The Discussion Of Human Nature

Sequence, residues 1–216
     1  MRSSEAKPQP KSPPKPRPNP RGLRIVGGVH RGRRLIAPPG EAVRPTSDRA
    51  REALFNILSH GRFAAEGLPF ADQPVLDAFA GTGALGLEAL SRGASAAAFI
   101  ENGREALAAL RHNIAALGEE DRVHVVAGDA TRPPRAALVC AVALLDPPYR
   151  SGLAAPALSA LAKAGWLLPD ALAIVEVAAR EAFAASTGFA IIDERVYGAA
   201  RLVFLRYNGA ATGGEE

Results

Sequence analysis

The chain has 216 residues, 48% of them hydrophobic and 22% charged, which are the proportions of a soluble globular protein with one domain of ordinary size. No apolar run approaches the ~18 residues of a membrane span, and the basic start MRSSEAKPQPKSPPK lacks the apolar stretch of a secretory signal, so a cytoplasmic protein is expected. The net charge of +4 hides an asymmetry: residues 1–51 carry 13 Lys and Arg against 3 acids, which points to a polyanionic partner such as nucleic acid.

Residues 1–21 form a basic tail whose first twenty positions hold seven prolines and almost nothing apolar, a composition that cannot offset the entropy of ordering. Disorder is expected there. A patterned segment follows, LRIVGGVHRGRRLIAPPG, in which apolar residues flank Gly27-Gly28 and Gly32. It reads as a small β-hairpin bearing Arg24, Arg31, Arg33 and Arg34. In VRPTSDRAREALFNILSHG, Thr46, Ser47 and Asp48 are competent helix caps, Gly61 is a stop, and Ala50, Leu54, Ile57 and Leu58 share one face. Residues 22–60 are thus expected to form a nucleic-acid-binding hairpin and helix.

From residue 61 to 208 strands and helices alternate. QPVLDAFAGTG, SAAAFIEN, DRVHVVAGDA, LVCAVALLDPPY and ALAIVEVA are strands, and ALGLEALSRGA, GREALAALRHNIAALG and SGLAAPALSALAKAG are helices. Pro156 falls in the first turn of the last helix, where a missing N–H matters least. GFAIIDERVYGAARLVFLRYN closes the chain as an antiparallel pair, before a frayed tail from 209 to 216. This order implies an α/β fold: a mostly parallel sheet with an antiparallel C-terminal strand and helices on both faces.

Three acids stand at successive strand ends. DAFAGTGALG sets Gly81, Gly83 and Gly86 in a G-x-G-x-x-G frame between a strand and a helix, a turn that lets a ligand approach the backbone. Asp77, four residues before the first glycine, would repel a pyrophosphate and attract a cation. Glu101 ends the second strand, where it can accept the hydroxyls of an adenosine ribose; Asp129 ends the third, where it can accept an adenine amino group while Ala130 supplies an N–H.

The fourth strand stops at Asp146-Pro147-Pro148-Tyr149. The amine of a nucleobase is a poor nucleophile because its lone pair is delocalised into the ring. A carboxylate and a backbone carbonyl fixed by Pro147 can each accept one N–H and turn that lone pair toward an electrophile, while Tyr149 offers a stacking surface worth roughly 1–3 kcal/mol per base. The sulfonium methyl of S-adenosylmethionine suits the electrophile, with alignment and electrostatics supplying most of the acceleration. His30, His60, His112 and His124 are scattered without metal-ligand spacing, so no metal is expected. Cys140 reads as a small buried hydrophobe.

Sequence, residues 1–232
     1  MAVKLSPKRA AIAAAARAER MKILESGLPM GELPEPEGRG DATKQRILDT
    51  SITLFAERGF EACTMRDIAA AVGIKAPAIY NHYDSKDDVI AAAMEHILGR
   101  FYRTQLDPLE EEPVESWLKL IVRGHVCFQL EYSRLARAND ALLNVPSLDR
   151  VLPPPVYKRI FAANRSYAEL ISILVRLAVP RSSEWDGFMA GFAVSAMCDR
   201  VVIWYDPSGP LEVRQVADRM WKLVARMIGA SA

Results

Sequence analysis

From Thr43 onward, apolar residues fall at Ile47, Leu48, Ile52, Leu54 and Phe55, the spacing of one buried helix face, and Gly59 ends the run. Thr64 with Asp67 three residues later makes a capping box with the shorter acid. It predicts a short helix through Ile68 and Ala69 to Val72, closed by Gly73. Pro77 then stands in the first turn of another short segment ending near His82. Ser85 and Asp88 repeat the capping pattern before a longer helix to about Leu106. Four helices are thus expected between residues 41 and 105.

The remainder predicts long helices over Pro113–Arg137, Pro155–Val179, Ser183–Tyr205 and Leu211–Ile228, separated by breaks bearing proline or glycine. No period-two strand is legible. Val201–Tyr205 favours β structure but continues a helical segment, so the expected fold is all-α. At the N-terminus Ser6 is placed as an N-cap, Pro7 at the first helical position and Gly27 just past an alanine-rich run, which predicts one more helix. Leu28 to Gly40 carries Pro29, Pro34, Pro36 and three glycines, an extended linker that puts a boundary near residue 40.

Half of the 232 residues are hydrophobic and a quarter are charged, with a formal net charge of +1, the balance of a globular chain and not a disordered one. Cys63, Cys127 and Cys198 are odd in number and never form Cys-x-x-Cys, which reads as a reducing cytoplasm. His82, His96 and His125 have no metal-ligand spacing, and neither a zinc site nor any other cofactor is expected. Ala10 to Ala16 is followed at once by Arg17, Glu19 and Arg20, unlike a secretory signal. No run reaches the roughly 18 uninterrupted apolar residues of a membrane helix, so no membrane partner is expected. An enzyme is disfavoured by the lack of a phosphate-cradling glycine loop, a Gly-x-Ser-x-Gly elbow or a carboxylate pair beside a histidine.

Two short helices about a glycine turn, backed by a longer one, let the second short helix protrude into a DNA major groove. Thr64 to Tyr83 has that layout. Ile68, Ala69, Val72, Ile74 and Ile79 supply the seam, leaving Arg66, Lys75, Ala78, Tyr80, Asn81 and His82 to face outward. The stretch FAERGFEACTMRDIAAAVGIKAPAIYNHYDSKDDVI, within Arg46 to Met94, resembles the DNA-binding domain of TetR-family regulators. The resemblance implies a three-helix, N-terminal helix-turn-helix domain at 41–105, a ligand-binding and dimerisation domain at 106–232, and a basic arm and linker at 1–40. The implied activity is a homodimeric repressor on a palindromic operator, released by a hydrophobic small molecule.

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The discussion of human nature has been an ongoing topic that is continuously represented in literature throughout time. In the novels, The Lord of the Flies by William Golding and The Catcher in the Rye by J.D. Salinger, human nature is analyzed through the eyes of the young male. Although these authors share a common theme, the perspective on human nature varies. Golding shows that human nature always reverts back to that of a wild animal; whereas Salinger shows that human nature is materialistic and deceitful. Two different aspects of human nature are presented in the novels The Catcher in the Rye and The Lord of the Flies. In the Catcher in the Rye by J.D. Salinger, Salinger uses the narrator, Holden Caulfield, to express his views on society. However, Holden Caulfield’s actions compare to the actions of the so-called “phonies” that he dislikes so much. One example is when he calls himself, “The most terrific liar you ever saw in your life” (Salinger 16). He contradicts his own views with his actions and through this contradictory trait that he withholds, Salinger makes a point that mankind is too blind to see the error in their ways. Holden’s hypocritical personality is seen on page 62 of the novel when Holden says, “Sometimes I can think of very crumby stuff I wouldn't mind doing if the opportunity came up. I can even see how it might be quite a lot of fun, in a crumby way, and if you were both sort of drunk and all, to get a girl and squirt water or something all over each other's face. The thing is, though, I don't like the idea. It stinks, if you analyze it" (Salinger 62). It is human nature to have these desires, but mankind it is mankind’s choice to choose whether to pursue it or not. In the novel The Lord of the Flies, Golding shows that fear will cause a man to go mad. A group of boys get stranded on an island which forces them to act like

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